There's some evidence that blue light's damage may be related to the lipofuscin fluorophore A2E, a naturally occurring substance in the retina, and the release of free radicals in the RPE. In one study, researchers allowed RPE cells in culture to accumulate differing amounts of the fluorophore, then exposed the cells to 480 nm (blue) or 545 nm (green) light for 15 seconds to a minute.4

They found that nonviable cells were located in blue-light exposed zones of RPE cells that contained A2E, but cells outside those areas were viable. The number of nonviable cells increased with the duration of exposure and as a function of the concentration of the A2E in the cells. Illumination with the green light resulted in more viable cells.

 • The Watermen Study. This 1993 study attempted to bridge the gap between studies of acute and subacute exposure to intense levels of blue light and chronic, lifelong exposure to "normal" levels of blue light.5 The study followed the light exposure of 838 sailors in the oyster fleet of Maryland's Chesapeake Bay.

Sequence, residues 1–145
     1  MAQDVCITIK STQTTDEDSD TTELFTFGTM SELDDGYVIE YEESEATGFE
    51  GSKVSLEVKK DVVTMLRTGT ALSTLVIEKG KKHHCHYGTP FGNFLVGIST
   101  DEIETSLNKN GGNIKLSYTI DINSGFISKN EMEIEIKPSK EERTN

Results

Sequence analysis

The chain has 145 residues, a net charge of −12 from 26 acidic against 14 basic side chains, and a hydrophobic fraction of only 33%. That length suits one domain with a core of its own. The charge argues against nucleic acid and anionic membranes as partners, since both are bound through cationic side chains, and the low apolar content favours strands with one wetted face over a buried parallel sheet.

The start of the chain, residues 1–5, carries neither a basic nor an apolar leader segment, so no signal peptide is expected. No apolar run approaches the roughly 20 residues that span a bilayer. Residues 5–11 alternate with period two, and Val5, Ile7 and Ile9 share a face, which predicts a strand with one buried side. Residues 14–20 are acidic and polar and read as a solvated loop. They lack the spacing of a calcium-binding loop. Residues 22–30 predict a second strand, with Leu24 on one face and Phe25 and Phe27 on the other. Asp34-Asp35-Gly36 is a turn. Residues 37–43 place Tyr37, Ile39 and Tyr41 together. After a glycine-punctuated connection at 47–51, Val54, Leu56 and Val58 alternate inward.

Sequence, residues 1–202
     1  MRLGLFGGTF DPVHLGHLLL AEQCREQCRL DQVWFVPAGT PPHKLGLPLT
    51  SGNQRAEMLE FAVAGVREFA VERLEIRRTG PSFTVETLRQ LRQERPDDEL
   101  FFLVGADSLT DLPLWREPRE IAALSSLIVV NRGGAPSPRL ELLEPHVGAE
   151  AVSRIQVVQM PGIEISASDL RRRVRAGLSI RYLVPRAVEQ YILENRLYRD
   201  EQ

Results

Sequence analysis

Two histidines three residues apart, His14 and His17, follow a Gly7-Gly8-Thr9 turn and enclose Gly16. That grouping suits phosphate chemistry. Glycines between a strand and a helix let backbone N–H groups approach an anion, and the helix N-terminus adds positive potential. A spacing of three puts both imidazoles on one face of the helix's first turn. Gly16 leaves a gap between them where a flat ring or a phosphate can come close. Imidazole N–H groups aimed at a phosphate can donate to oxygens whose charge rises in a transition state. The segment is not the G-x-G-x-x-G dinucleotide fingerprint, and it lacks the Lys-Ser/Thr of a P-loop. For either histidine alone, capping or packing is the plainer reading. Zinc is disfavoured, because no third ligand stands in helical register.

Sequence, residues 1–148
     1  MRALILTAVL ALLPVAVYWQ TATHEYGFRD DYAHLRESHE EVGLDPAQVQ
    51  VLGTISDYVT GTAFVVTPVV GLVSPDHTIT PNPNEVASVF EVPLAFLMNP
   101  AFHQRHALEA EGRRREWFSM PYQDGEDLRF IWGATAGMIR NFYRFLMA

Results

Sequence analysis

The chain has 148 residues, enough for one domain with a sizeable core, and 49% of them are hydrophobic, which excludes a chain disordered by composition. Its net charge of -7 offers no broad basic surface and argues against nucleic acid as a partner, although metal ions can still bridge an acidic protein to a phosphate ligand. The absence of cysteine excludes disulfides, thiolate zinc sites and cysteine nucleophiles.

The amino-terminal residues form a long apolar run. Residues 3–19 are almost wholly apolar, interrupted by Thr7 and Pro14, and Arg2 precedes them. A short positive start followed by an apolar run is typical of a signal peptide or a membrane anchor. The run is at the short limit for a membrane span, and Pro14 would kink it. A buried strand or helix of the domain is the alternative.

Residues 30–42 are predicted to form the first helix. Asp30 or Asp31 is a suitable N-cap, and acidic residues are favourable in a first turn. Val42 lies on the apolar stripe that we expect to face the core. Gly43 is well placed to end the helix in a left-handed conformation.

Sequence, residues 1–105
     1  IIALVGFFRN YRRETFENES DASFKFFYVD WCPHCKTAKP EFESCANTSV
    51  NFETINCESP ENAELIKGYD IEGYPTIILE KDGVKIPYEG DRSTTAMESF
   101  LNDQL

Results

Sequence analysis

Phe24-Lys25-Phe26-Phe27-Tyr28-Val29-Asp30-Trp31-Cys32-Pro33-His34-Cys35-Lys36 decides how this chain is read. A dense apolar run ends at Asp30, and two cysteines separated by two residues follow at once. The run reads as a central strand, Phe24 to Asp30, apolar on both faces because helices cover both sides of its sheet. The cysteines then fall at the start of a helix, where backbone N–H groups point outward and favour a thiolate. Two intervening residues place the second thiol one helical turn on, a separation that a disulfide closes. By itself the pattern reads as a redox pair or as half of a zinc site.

"In the Watermen Study, we used an occupational group with a very consistent work pattern," says the study's lead author, Hugh Taylor, MD, professor at the University of Melbourne in Australia, and director of the Center of Eye Research Australia. "When I say consistent, I mean consistent over 100 years. The only way you could dredge for oysters in Maryland was under sail.
"The Watermen were unique. First, they were regulated by law and by the seasonal nature of their work. Second, they had the potential for high sunlight exposure."

The study researchers took a series of measurements to work out the amount of light that reached the eyes of the watermen in a variety of different conditions, and they also took a detailed exposure history. Ultimately, they found no association between UV-A or UV-B and macular degeneration, but they did find an association with blue and visible light and ocular damage.